The application of the parallel track model in community health promotion: a literature review

Authors

  • Pasitpon Vatcharavongvan MD,

    1. Discipline of General Practice, Royal Brisbane & Women’s Hospital, The University of Queensland, Herston, Australia
    Search for more papers by this author
  • Julie Hepworth PhD, CPsychol, MAPS,

    1. School of Nursing and Midwifery, The University of Queensland, Herston, Australia
    2. Centre for Primary Health Care Research, The University of Queensland, Herston, Australia
    Search for more papers by this author
  • John Marley MD MBChB FRCP(Edin) FRACGP FACRRM DA DRCOG FPCert MAICD

    1. Faculty of Health Sciences, The University of Queensland, Herston, Australia
    Search for more papers by this author

Pasitpon Vatcharavongvan
Discipline of General Practice
Royal Brisbane & Women’s Hospital
The University of Queensland
Level 8, Health Sciences Building
Building 16/910, Herston
Qld, 4029, Australiac
E-mail: pasitpon@uq.edu.au

Abstract

The parallel track model is one of the several models that are used in health promotion programmes that focus on community empowerment. It is unique in that it explicitly incorporates an empowerment approach with a top-down health programme. Since its development in 1999–2000 the model has been used in various health programmes in both developed and developing countries. The aim of this review is to examine the nature and extent of the application of this model and its contribution to promoting health. A review of the literature published between 2000 and 2011 was conducted. Nine results matched the inclusion criteria and revealed that the model has been mostly applied to disadvantaged communities to address health determinants, such as poverty and health literacy. This review found that the model had a positive impact on specific health outcomes such as health literacy and community capacity. We concluded that the parallel track model has the most potential for building capacity for community health promotion and appears to be the least useful for interventions focusing on health behaviour change within a limited time frame.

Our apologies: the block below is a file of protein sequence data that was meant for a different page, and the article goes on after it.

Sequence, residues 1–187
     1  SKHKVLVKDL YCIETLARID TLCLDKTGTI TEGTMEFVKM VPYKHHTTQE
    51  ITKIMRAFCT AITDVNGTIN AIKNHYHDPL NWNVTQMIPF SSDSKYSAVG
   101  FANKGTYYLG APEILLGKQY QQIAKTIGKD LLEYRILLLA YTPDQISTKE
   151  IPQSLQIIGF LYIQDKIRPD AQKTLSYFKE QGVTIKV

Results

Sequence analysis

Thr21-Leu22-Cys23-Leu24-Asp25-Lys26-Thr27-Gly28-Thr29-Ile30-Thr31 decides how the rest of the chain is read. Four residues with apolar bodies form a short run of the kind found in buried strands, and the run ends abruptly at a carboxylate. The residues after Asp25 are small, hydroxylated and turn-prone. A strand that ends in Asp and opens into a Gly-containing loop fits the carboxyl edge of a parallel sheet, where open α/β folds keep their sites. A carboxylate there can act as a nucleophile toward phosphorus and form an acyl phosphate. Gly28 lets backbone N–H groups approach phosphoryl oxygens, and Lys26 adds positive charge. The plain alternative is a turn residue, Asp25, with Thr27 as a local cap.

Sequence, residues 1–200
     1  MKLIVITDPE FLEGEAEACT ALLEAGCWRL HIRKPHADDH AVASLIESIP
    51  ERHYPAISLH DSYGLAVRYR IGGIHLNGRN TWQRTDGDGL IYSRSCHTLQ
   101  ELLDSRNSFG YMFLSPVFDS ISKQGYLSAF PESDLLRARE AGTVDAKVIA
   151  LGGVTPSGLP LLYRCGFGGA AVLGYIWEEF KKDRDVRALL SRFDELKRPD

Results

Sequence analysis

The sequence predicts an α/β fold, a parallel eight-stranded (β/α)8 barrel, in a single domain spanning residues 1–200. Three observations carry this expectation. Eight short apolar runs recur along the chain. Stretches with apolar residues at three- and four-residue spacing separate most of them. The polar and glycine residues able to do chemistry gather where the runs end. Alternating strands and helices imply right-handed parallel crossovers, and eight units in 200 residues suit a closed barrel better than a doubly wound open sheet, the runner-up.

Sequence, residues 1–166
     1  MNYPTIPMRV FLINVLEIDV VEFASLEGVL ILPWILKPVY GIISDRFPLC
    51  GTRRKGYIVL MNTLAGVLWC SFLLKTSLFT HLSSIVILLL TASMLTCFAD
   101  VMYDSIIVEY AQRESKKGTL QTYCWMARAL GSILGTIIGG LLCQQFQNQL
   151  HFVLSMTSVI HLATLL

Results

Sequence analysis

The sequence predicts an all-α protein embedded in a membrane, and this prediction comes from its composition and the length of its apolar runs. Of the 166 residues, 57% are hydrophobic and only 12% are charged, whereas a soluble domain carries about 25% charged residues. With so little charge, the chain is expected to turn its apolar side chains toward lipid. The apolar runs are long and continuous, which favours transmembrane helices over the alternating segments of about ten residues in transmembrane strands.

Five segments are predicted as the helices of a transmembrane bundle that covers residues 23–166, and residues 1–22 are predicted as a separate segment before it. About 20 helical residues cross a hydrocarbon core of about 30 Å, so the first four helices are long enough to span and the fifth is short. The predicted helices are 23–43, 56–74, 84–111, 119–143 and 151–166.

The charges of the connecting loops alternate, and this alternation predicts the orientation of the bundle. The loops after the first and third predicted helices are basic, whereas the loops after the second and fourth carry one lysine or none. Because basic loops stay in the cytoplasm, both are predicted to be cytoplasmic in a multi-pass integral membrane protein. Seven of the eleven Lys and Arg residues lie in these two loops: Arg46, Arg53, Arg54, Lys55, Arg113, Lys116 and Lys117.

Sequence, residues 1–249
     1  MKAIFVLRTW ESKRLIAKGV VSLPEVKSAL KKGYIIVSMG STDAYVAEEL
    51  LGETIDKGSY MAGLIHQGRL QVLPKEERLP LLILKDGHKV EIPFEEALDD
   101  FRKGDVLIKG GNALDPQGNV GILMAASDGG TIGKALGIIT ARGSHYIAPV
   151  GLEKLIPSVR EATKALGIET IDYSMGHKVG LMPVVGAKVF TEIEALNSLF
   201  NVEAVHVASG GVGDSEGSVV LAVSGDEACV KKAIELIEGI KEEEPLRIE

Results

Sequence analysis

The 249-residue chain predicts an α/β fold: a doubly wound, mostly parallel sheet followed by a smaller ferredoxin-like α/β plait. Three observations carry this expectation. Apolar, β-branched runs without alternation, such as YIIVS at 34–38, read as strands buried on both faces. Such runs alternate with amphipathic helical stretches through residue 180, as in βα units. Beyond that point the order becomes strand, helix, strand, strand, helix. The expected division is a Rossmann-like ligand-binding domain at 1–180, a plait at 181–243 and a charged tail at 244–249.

Ancillary